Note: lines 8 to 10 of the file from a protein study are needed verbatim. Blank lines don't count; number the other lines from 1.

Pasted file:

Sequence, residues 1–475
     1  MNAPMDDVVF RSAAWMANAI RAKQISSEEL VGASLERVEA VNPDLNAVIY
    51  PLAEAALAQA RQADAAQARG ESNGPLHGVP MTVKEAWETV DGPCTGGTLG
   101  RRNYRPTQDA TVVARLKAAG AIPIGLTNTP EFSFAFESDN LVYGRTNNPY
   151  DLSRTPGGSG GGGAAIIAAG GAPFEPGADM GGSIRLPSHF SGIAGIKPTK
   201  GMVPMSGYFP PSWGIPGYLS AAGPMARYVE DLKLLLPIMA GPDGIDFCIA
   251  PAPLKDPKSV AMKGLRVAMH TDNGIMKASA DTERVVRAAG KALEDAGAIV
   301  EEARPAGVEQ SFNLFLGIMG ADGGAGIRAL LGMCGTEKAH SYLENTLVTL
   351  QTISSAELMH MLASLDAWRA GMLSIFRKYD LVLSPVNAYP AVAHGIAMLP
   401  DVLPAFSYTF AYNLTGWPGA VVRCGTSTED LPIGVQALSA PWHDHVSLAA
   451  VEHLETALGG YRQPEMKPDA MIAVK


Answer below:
   301  EEARPAGVEQ SFNLFLGIMG ADGGAGIRAL LGMCGTEKAH SYLENTLVTL
   351  QTISSAELMH MLASLDAWRA GMLSIFRKYD LVLSPVNAYP AVAHGIAMLP
   401  DVLPAFSYTF AYNLTGWPGA VVRCGTSTED LPIGVQALSA PWHDHVSLAA